Ireland inch past Kenya into final
Ireland 72 for 4 beat Kenya 67 (Botha 3-20) by 4 wickets
This was another match of inexplicably abject batting with a close finish, as Ireland struggled to exceed Kenya's 67 all out before winning with just five balls and four wickets in hand to book their place in next year's World Twenty20. It might not have been pretty, but for Ireland it was effective.
The pitch cannot be blamed entirely for match after match of low scores and struggling batsmen and Monday's track was reported as fine, with a little extra grass which gave the bowlers a little seam movement. There was a little swing, but nothing excessive. For some reason, the Associates' batsmen, inexperienced in this type of cricket, seem to have established a mental block about it, and it shows.
Ireland won the toss on a morning with pleasant intermittent sun and put Kenya in. The first over was a stereotypical Twenty20 over: Maurice Ouma hit a daring two to a misfield and a powerful four before slashing a catch to third man, before Kennedy Otieno edged a ball past the keeper and ran two while third man made a brilliant save. Eight for one in the over.
In the next over Nehemiah Odhiambo was lbw to Kevin O'Brien for 1, and Kenya were at the crossroads as Steve Tikolo walked in. He began cautiously, but then lost Otieno, who sent up a huge skyer off O'Brien that was caught at fine leg; 15 for 3. Alex Obanda (1) holed out to a brilliant running catch by Kyle McCallan at long-on; 27 for 4. The disasters continued, as Tikolo walked into a ball from Andre Botha to be lbw for 13 off 26 balls. After 10 overs, the score was 48 for 5 and another low-scoring encounter was virtually assured.
Worse was to come for the beleaguered Kenyans, as Alex Cusack bowled out two batsmen in the same over; 48 for 7. Any hopes of a significant recovery lay with Thomas Odoyo, but he swung and was bowled by Botha for 10, after adding 9 with Tony Suji. Botha then bowled Peter Ongondo first ball, another loose drive, but Tony Suji and Hiren Varaiya managed to add 10 - a major partnership in this tournament - to take the total to 67 before it came to a close with a run-out, 16 balls short of 20 overs.
Again, as in all but the first match so far, the bowling has been generally good, untested as it had been by so much abysmal batting. Botha took 3 for 20, but the initial damage was done by Connell and O'Brien up front, taking two each, as did Cusack.
Ireland's batsmen were determined not to throw their wickets away, but safe fast scoring was not easy. Two overs with only two wides to show from them is not easy to handle in this type of cricket, though, and William Porterfield, in the third over, dabbed at a ball from Odoyo outside off stump and was caught in the slips.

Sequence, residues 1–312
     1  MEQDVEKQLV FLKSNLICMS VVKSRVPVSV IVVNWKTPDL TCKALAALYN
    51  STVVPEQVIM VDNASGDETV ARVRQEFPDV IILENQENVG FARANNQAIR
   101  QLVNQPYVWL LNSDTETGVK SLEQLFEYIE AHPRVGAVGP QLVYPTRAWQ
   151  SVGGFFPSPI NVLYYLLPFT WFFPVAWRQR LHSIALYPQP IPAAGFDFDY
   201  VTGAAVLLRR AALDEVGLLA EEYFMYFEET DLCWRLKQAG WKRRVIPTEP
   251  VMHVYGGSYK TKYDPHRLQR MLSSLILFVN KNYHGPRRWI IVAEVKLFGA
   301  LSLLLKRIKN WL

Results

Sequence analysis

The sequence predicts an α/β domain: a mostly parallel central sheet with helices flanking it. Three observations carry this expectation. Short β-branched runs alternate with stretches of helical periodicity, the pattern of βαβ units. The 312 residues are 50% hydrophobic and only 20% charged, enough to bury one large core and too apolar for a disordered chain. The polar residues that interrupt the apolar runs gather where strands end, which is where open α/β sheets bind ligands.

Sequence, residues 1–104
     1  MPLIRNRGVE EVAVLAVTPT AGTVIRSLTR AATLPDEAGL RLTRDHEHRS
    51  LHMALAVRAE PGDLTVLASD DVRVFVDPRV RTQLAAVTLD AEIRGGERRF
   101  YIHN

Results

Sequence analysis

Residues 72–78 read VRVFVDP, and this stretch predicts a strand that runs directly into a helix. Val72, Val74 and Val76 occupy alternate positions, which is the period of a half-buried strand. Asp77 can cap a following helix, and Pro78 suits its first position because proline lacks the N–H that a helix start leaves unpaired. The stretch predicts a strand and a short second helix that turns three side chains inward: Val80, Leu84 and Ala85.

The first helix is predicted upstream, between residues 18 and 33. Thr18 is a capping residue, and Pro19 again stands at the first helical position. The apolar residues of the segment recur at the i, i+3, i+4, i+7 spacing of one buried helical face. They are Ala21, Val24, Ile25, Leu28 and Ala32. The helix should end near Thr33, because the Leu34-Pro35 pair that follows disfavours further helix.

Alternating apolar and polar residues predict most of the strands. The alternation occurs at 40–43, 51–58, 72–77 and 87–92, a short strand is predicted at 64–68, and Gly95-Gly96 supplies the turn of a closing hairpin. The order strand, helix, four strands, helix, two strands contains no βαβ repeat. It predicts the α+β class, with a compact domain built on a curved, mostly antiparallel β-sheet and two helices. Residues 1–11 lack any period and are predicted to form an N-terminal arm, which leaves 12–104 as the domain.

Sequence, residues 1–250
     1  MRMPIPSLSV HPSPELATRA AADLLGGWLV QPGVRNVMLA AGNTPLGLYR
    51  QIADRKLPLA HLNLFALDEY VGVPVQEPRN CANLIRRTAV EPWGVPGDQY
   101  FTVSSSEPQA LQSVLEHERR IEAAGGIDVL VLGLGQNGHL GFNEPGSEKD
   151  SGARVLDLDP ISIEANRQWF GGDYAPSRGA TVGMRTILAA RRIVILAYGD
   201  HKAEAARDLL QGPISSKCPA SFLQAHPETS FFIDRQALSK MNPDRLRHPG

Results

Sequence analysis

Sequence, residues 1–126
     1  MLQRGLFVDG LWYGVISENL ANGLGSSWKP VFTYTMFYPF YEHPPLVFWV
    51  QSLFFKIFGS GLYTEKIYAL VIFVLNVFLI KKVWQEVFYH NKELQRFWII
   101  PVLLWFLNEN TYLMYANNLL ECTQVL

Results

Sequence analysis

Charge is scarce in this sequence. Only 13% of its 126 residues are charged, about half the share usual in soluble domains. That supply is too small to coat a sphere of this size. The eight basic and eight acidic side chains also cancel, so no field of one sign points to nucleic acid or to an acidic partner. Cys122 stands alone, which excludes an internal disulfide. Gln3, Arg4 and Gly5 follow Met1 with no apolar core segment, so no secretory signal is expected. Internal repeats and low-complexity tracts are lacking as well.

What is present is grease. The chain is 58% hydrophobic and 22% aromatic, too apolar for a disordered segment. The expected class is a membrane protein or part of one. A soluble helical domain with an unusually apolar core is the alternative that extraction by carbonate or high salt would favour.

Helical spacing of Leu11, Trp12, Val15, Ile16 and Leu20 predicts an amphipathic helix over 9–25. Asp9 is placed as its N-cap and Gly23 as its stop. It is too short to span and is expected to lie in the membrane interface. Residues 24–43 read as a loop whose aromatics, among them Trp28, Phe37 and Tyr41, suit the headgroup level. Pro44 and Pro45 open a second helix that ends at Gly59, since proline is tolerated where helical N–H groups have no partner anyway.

New batsman Niall O'Brien finally recorded the first run from the bat off the 15th delivery of the innings, only for Gary Wilson to attempt a pull and sky the ball, to be superbly caught by Tony Suji running back. Despite their initial caution, Ireland were 3 for 2.
Botha, taking advantage where he could of loose balls, slowly started to take charge, aided by the more defensive O'Brien. Ongondo remarkably conceded just seven runs in his four overs, although he did bowl a number of deliveries wide of off stump which the Irish batsmen in their caution allowed to pass.
After nine overs, the score was a mere 23 for 2, but then 12 runs off the tenth over, but Suji, relieved the pressure - even if there was a big contribution from a wide that passed the keeper for four. Botha fell for 22 in the 12th over, however, bowled as he drove at a flighted ball for Jimmy Kamande; 41 for 3. One run later, Andy White swung a catch to long leg, followed by Cusack skying a ball into the covers, and Ireland were faltering again.
Runs again dried up, with the O'Brien brothers together, but the stand was broken when Niall took a swing and edged an easy catch into the slips for 11 off 30 balls; 49 for 6 in the 16th over.
The 17th over, bowled again by the luckless Suji, was crucial, and nine runs came from it, all but one to Kevin O'Brien, who was now determined to take personal responsibility in the situation. This was the turning-point, and he and Trent Johnson kept things ticking over until, with the first ball of the final over, O'Brien hit Suji back over his head for the winning four.
There were two economical wickets each for Odoyo, Kamande and Ragheb Aga, while the unfortunate Suji went for 26 off three overs and a ball. Ireland thus go through to tomorrow's final but, even if their top-order batting will not have given them confidence, the main aim has already been achieved.